BARS: Easy Tool to Assess for Agitation in Patients for Occupational Therapy

Introduction

One way to communicate to other staff a patient’s level of agitation for occupational therapy such as in psychiatric settings like locked units is with an objective scale. A scale like the Behavioral Activity Rating Scale (BARS) can be used to measure agitation and also to help reduce defensive behaviors from staff, which can result in worse outcomes.

Best Practices

A scale like the BARS should be used as early as possible to establish a baseline. If used when a patient appears agitated, it may not be as useful as there is nothing to compare the score to. An example of a good time is to measure BARS before even arriving at the facility. For the BARS, a score higher than a 4 may warrant evaluation by a clinician and the proper precautions taken place.[1]Richmond, J. S., Berlin, J. S., Fishkind, A. B., Holloman Jr, G. H., Zeller, S. L., Wilson, M. P., … & Ng, A. T. (2012). Verbal de-escalation of the agitated patient: consensus statement of … Reference List An example may be having the patient removed from room with neighbors, having a sitter in the room, alerting the staff and physician, consider medications, restraints, and other protocols set in place by the facility within the law.

Behavioral Activity Rating Scale (BARS)

  1. Difficult or unable to rouse
  2. Asleep but responds normally to verbal or physical contact
  3. Drowsy, appears sedated
  4. Quiet and awake (normal level of activity)
  5. Signs of overt (physical or verbal) activity, calms down with instructions
  6. Extremely or continuously active, not requiring restraint
  7. Violent, requires restraint*

*chemical and/or physical

Causes of Acuity Changes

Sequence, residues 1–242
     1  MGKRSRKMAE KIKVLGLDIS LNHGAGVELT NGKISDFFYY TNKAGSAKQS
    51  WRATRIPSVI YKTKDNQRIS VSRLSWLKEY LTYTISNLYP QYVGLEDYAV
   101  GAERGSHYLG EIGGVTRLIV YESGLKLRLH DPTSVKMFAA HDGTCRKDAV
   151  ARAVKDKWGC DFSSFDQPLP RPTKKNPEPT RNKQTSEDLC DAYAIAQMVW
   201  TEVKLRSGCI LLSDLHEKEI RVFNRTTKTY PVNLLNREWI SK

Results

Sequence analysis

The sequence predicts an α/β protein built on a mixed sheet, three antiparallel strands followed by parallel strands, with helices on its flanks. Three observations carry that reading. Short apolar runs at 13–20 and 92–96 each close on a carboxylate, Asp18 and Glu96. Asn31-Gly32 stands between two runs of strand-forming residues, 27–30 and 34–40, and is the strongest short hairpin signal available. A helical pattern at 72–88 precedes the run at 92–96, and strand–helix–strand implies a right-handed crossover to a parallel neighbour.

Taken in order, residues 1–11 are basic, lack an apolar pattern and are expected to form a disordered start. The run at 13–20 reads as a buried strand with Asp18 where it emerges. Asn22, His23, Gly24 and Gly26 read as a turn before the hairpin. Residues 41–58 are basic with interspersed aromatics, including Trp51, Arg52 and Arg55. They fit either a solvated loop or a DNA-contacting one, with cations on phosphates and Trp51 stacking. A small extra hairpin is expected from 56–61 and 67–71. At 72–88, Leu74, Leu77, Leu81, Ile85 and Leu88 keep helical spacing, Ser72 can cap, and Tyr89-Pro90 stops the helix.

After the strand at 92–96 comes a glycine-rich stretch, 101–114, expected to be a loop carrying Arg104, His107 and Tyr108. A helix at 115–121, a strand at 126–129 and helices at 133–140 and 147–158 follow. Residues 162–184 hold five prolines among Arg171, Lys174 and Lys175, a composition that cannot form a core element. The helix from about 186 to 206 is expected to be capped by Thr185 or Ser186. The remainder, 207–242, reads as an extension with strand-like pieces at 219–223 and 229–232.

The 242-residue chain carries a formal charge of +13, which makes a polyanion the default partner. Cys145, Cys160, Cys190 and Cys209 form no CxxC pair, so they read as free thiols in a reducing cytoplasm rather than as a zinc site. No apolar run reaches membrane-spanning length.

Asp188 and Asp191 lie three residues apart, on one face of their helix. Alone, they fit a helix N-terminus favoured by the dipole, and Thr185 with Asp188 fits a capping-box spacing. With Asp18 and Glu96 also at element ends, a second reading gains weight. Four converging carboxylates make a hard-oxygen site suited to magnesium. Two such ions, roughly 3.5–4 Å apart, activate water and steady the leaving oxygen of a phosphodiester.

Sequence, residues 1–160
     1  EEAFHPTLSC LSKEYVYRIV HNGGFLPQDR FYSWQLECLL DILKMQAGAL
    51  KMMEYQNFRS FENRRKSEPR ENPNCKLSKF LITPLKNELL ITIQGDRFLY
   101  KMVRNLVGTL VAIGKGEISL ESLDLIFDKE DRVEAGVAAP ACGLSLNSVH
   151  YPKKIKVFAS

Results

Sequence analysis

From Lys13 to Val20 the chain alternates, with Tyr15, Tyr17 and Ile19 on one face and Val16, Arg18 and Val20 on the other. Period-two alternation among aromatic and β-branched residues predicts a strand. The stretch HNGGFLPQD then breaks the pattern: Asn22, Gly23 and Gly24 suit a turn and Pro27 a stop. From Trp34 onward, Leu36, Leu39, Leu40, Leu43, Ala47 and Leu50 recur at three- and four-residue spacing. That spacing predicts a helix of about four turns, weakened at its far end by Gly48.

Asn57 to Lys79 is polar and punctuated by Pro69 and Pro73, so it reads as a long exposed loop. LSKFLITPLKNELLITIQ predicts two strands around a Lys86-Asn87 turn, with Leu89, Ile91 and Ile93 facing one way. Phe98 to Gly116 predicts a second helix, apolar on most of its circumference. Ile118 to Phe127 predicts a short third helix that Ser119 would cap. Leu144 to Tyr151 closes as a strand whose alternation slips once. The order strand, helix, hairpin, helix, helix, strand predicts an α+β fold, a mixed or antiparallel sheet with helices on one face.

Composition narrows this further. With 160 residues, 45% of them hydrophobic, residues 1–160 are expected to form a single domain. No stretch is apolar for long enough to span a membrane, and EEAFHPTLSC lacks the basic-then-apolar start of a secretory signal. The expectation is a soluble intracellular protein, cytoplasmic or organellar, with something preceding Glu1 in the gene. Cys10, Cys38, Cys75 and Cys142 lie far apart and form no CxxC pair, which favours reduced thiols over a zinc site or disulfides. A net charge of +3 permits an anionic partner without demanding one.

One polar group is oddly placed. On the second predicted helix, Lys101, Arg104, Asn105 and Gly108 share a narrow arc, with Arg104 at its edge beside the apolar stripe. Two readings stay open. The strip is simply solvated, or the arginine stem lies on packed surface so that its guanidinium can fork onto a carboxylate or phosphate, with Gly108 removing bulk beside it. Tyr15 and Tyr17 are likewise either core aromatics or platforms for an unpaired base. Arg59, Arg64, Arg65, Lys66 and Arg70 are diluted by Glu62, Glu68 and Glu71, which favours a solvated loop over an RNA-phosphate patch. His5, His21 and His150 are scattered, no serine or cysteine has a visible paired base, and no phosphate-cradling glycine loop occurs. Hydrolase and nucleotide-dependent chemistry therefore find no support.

Although the scale seems pretty straightforward, both the occupational therapist as well last the staff should apply clinical reasoning as to why the patient may be behaving the way that they are, such as backtracking staff interactions, medications, medical changes, poor sleep, changes in routine, etc.

  • Cognitive (e.g., attention)
  • Neurological (e.g., stroke, seizures, dementia, sundowning)
  • Psychosocial, e.g., depression, bipolar
  • Physical, e.g., shock
  • PTSD
  • Fear
  • Cultural and/or language barriers
  • Trauma (Consider Trauma Informed Care, TIC)
  • Staff manipulation, e.g., staff splitting, faking of symptoms
  • Malnutrition
  • Hypoglycemia (diabetes)
  • Intoxication or drug’s effects
  • Drug withdrawal from drug abuse (also use CIWA)
  • Unintended withdrawal effects from opioid reversal medication such as Naloxone (Narcan)
  • Medications side effects
  • Pain (acute, chronic)
  • Infection, e.g., UTI
  • Poor rest and sleep; insomnia
  • Psychosis (hallucinations; positive AND negative psychosis)
  • Suicide ideation
  • Social factors, e.g., perceived racism from staff, mistreatment by staff, shift changes
  • Crowds, numerous new admissions
  • Institutional factors, e.g., being handcuffed
  • Personality disorders
  • Environmental, e.g., loud annoying sounds, noxious smells
  • Sensory integration dysregulation
  • Lack of locus of control or freedom
  • Deviation from routine, unpredictability
  • Time: anniversaries
  • Historical or recent events
  • Family or domestic dispute and abuse

Other Scales

  • Overt Aggression Scale
  • Scale for the Assessment of Aggressive and Agitated Behaviors
  • Staff Observation Aggression Scale

References

References
1 Richmond, J. S., Berlin, J. S., Fishkind, A. B., Holloman Jr, G. H., Zeller, S. L., Wilson, M. P., … & Ng, A. T. (2012). Verbal de-escalation of the agitated patient: consensus statement of the American Association for Emergency Psychiatry Project BETA De-escalation Workgroup. Western Journal of Emergency Medicine, 13(1), 17.